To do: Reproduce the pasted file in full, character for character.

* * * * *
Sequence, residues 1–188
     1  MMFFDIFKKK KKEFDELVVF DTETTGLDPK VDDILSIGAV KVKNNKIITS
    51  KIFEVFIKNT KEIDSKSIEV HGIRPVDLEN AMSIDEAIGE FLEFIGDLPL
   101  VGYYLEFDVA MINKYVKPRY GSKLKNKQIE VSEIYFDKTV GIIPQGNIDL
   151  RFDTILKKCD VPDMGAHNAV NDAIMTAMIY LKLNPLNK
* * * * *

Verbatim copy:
Sequence, residues 1–188
     1  MMFFDIFKKK KKEFDELVVF DTETTGLDPK VDDILSIGAV KVKNNKIITS
    51  KIFEVFIKNT KEIDSKSIEV HGIRPVDLEN AMSIDEAIGE FLEFIGDLPL
   101  VGYYLEFDVA MINKYVKPRY GSKLKNKQIE VSEIYFDKTV GIIPQGNIDL
   151  RFDTILKKCD VPDMGAHNAV NDAIMTAMIY LKLNPLNK